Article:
How to Write CHI PLAY Papers 2016

chi writing course free courses Oct 16, 2016
Original cohort of the CHI paper writing course.

This is the information that was given to participants at the 2016 course on how to write CHI papers.

The CHI PLAY 2016 logo in blue and orange over an outline of Texas.

Please bring some examples from your own recent writing to this course. This can be a thesis abstract, some unpublished papers, or just something you have written recently.

Schedule

Introduction to the CHI PLAY Course

Download slides

Before we begin, please have a read over the following materials:

  • Susanne Bødker, Kasper Hornbæk, Antti Oulasvirta, and Stuart Reeves. 2016. Nine questions for HCI researchers in the making. interactions 23, 4 (June 2016), 58-61. DOI: 10.1145/2949686
  • Antti Oulasvirta and Kasper Hornbæk. 2016. HCI Research as Problem-Solving. In Proceedings of the 2016 CHI Conference on Human Factors in Computing Systems (CHI ’16). ACM, New York, NY, USA, 4956-4967. DOI: 10.1145/2858036.2858283

Nine Questions

I would also like to reiterate the nine questions for HCI researchers in the making here:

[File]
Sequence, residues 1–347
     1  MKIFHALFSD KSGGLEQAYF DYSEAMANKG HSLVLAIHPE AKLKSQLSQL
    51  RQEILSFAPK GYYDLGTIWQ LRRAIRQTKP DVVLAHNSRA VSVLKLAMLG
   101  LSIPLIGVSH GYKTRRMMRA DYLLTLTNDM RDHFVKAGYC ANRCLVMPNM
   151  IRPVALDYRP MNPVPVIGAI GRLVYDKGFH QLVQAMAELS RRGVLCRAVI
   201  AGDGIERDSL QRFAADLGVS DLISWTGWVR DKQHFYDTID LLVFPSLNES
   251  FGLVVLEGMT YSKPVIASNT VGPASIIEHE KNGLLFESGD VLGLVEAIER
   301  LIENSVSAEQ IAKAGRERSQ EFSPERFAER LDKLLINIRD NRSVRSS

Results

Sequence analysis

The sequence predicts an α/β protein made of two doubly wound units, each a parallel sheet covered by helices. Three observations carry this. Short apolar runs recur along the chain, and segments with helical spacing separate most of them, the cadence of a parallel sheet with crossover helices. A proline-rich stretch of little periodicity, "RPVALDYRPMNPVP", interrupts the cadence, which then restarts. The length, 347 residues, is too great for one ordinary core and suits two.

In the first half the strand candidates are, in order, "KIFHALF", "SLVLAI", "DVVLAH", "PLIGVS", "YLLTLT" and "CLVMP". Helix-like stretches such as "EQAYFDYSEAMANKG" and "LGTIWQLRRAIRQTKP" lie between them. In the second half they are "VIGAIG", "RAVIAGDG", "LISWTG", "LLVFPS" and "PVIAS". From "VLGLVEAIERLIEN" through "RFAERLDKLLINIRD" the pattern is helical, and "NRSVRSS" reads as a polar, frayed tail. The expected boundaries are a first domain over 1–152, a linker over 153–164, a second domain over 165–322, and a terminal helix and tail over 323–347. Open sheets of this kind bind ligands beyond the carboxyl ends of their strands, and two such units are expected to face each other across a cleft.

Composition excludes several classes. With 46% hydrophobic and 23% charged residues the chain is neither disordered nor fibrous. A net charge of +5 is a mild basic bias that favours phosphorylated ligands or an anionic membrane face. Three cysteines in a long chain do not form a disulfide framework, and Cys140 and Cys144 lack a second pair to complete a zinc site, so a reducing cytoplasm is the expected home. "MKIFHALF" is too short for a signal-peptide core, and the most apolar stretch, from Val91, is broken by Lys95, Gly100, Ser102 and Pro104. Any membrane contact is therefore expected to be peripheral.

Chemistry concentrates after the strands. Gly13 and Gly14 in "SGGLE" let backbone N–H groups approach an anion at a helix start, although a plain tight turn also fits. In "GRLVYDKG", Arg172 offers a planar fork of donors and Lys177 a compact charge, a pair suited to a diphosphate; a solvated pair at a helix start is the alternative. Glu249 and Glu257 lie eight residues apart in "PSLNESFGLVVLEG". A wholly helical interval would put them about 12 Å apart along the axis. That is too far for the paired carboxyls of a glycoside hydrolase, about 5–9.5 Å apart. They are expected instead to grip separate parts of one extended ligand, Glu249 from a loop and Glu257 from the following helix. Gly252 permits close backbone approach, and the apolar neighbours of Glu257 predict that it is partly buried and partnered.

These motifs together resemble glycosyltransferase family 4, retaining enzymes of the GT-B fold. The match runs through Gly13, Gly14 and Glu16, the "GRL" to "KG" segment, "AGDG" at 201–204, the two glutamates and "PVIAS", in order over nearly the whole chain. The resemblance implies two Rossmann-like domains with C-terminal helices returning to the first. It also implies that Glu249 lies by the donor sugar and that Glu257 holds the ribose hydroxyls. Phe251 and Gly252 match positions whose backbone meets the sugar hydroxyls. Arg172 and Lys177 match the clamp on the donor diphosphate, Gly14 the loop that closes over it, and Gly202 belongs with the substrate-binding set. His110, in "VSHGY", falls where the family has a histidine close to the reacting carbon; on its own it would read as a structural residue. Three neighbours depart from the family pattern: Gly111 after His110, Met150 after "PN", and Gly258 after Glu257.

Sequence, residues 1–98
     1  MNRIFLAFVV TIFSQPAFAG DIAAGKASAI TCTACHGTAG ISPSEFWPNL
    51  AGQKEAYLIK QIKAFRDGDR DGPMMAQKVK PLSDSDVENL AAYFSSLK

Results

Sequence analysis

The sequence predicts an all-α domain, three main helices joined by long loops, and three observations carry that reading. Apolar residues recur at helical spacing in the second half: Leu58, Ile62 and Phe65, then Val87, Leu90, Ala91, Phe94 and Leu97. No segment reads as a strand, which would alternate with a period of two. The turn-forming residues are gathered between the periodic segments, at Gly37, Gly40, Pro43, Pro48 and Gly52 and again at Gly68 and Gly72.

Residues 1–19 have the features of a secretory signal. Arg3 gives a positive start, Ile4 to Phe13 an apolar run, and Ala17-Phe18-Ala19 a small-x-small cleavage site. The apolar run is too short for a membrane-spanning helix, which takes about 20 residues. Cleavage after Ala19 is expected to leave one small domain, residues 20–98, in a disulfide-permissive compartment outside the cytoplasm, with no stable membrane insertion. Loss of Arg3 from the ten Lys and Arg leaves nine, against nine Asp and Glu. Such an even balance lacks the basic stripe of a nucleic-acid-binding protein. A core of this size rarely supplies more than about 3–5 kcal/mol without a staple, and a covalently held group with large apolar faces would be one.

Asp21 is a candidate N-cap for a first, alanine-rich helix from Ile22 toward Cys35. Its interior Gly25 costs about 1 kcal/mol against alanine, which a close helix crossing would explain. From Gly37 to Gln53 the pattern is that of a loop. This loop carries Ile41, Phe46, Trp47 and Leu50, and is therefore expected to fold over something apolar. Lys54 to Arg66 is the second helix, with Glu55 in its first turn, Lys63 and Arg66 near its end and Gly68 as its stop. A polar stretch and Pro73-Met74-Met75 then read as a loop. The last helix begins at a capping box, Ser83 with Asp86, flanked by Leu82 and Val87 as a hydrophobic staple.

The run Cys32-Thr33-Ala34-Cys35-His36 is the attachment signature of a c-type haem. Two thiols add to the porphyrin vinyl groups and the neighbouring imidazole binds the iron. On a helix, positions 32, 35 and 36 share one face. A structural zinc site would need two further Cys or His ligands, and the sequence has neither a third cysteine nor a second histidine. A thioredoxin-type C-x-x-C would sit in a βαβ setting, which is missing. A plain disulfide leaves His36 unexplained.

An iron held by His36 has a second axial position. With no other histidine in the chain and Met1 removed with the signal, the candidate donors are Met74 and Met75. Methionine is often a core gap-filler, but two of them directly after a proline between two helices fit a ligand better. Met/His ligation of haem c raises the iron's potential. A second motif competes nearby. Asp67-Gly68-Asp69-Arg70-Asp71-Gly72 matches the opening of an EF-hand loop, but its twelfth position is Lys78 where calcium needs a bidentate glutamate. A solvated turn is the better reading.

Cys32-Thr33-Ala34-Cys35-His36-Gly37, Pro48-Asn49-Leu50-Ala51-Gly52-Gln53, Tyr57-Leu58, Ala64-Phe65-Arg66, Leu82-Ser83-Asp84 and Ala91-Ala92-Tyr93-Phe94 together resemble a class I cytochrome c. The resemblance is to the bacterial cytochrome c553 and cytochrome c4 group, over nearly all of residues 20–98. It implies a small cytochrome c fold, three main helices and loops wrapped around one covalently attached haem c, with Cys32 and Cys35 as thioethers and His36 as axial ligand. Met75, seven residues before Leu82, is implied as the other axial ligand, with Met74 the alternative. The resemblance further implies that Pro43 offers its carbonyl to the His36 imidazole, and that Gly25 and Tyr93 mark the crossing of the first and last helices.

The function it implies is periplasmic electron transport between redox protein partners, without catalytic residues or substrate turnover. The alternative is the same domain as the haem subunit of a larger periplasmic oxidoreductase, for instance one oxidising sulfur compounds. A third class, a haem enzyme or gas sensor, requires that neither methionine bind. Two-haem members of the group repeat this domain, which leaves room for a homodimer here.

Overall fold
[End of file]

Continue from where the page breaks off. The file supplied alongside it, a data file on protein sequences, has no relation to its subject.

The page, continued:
1. If you could address just one problem in 10 years, what would it be?
  2. Are you using your unique situation and resources to the fullest?
  3. What’s your HCI research genre?
  4. In one sentence, what is the contribution of your research?
  5. Is your approach right for your research topic?
  6. Why is your research interesting?
  7. Can you fail in trying to answer the research problem?
  8. Will your work open new possibilities of research?
  9. Why do you build/prototype?

These questions are really good starting points to give you bearings on your research direction.

I would also like to point you to the results from my questionnaire for CHI researchers about writing. Interestingly in the survey researchers rated the importance of the Introduction and Results section almost equally high (with the results coming out on top) and were not giving as much love to the Discussion section. In my interviews, however, the introduction and discussion were mentioned as important sections. The key ingredients for CHI research papers mentioned in the survey were:


Content

  • Clear framing
  • Interesting topic
  • Novelty
  • Clear contribution
  • Problem worth solving 
  • Good problem, motivated by the literature
  • A novel and ambitious solution for the problem (e.g., in terms of system, evaluation, data collection)
  • Convincing evaluation
  • Sound methods
  • Considering all relevant implications

Style

  • Well structured
  • Appropriate language
  • A discussion that allows the solution to be transferred to other problem instances and related to what we knew in advance
  • Key ingredients are believable answers to a design question that is not obvious or a novel system.
  • Clear contribution to the field, sufficient proof for valid claims, usage of a scientifically valid methodology (depending on the type of contribution)
  • A clear description of the (usually applied) research problem